Kingman feels that sharing a KPI ensures the team comes together and encourages the disciplines to make the most of each others’ skills: “It’s a massive mistake if PR teams are off producing a story on topic X, but an SEO could turn around and say the biggest opportunity for the company organically is actually topic Y. Or if content marketing teams produce tons of pages genuinely teaching their audience about their niche, but then leave the PR team out who have established relationships with third-party journalists who could amplify that content. Each team could be extremely successful, but it’s a wasted opportunity that way. It could be avoided by sharing goals and sharing skills.
“My work frequently blurs the boundaries of PR and content marketing—in fact, they are critical aspects of my ability to generate coverage and links, which in turn helps my clients’ abilities to rank higher organically. I need to know how journalists usually receive content and why they feature it, as well as knowing how to produce content that can engage users and encourage them to take action, often when links aren’t part of the picture. All of this is essential if a company wants to build a brand and establish themselves organically, ultimately impacting the bottom line.
“In competitive industries, one cannot exist without the other. Critically for businesses, it’s a change in mindset that would enable further mergers between the teams, followed by then giving the teams the same shared hard metrics, such as revenue, instead of siloed, softer metrics, such as links, social reach, or newsletter sign-ups.”
But at the end of the day, does any of this talk of shedding labels and crossing functional boundaries really make an impact?
Mark Borkowski—the man who literally wrote the book on PR, an industry commentator who represents international celebrities and corporate heavyweights—says the “power of the story” still rules, but nothing matters unless it truly “moves the needle.”
“All the great publicists have understood one thing: the power of the herd, the power of the crowd,” says Borkowski. “Whether you’re Stalin, Goebbels, or P.T. Barnham; whether you’re Trump or Farage. You understand that people latch onto stories.”
He says there are two crises here: what the shape of the media will look like in the next five years, and what the shape of the media is right now. If you’re looking at PR and content purely as a means to sell stuff and get links to things that people want to buy, the world can be bought and gamed.
“Social media does not push the needle. It carries forward the means, it carries forward the conversations, but the real spikes of interest that get used and get fed into Facebook, into forums, into wherever, are by the influencers [and] people that trust,” says Borkowski, noting that trust and influence are the key players in today’s digital world. “You focus on stories that matter and try to find ways of actually maximizing those stories, capturing interest in those stories from influencers and people that trust, and then spreading those stories and moving the needle.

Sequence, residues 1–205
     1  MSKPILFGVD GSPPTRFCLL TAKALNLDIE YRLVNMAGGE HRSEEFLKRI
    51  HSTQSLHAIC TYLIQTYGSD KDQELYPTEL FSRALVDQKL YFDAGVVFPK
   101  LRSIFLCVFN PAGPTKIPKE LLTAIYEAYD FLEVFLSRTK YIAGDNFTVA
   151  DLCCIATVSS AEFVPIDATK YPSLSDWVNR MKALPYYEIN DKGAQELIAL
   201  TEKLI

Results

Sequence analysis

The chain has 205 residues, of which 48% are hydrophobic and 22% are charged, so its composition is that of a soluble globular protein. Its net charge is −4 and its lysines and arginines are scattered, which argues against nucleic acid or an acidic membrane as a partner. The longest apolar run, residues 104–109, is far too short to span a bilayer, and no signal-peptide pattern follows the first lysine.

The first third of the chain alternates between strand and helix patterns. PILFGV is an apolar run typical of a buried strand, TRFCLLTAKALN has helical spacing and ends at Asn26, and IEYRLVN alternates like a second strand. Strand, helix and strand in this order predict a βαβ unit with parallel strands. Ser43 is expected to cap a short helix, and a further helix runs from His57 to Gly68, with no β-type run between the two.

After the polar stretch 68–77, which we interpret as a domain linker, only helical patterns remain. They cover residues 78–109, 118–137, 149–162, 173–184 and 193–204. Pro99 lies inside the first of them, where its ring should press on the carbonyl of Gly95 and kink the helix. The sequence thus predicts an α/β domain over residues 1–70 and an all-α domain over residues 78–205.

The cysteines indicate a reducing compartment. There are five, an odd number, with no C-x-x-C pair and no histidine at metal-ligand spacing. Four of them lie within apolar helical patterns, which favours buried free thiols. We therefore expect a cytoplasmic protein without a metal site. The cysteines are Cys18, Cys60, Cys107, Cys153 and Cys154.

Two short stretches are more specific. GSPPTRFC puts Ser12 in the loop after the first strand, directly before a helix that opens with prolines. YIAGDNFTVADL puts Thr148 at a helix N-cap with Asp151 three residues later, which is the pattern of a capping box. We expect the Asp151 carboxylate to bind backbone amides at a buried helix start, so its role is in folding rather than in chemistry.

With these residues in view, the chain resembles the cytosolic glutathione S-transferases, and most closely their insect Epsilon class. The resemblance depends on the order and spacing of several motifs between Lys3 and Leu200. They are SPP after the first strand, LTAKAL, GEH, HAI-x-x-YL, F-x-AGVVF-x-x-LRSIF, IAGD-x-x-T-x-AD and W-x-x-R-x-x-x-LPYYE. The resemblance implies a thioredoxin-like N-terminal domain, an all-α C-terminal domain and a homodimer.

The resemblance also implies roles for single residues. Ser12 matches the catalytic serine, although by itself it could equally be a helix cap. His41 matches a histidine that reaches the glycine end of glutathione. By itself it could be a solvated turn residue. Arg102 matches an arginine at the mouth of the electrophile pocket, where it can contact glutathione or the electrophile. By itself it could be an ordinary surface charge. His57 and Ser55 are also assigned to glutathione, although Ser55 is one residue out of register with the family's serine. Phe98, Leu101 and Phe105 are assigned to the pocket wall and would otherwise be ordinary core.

“Many of these things we see judged by these publicity stunts—that used to be part and parcel of my business back in the ’90s—they mean nothing. They’re just contributing to the noise, contributing to links, contributing to page listings, but they don’t move the needle.”
Image attribution: NeONBRAND
Borkowski, a PR veteran of more than 30 years, believes “we’re being blinded by science” and not focusing on what matters: the story, the people.
“No one has a solution yet because no one is really thinking about the audience and the primal things that move the audience and how we link those things together, because that does not change,” he says. “We are at our base still driven by primeval desires of nesting and feeding, which turned into consumerism. We’re confused by a world that is more dangerous, that is complex, and yet we still want to buy ridiculous PR campaigns and advertising messages.
“People are not looking at the emotion of the customer, but are trying to sell systems and conglomerate around advertising and media companies. It’s just a male ego play at the end of the day, because while people are asking questions and while people are winning business on providing something that’s interesting and different, they’re actually not moving the needle. And that’s why the world is getting more confused and intense.”
Borkowski believes things will only change when clients do—and he says there are some smart clients and smart campaigns out there.
“Clients have to operate differently in this world. At the moment it’s all about money, it’s not about purpose. Ultimately, how do we crush greed?
“My obsession is getting on with the now. There are lots of really interesting things you can meld and mold into every campaign. Always, always what lets you change things is brilliant clients. I think we will begin to see a lot more purpose, a lot more people thinking about not just how they produce but clearly the effectiveness—it’s going to be a massive change in everything. We can’t get lost in the bullshit.”
He talks about a campaign he’s currently working on with a Germany company, looking at migration. This company is investing six months in working with the agency to develop the campaign to its fullest.
“I think more and more clients want to work with the agency to come up with a set of solutions and working relationships, and I think that’s where PR is changing at the moment. It has the ability to take the lead as long as it gets away from selling stupid ideas that culminate in some ridiculous stunt that does nothing but create more noise. There’s a lot more people investing in strategy and actually not looking for a quick win. They’re looking at where they will be in three years’ time, and I think the most interesting thing is what we will see from those companies from investing in that. The best-case scenarios will be coming down the pipe in five to six years’ time.
“There’s less budget, less money, and people are expecting agencies to work a lot smarter, which is attracting clever people. When parents say, ‘My child wants to get into PR; what should they do?’, I say get an anthropology degree to understand behavior. Behavior and strategy and long-term programming will be the things that we will see change the industry.”
At risk of over-simplifying things, the different disciplines in summary:
But we could talk until the cows come home about the differences in metrics and objectives, and how technical SEO and traditional PR skills will always be unique, and how writers are brilliant, adaptable people who can do anything (just me?), but really it’s all redundant. Think about your audience first, find your story, and engage. Everything else is just process and KPIs, and we can all work together to get the best possible results for brands.
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Feature image attribution: Ramiro Mendes